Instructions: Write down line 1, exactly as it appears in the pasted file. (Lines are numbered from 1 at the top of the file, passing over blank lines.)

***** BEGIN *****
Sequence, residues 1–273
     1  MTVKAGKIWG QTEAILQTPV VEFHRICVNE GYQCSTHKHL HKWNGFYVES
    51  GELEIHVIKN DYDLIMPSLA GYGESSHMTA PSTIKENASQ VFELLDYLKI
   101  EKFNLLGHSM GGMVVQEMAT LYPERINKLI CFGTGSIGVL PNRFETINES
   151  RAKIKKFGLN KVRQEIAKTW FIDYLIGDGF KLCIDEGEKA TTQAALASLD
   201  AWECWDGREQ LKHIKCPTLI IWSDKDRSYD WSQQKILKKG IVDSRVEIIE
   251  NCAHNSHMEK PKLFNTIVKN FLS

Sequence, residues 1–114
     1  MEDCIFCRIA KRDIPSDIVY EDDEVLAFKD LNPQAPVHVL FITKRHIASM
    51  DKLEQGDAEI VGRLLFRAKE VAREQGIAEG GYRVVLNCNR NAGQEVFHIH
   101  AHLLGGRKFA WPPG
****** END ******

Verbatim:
Sequence, residues 1–273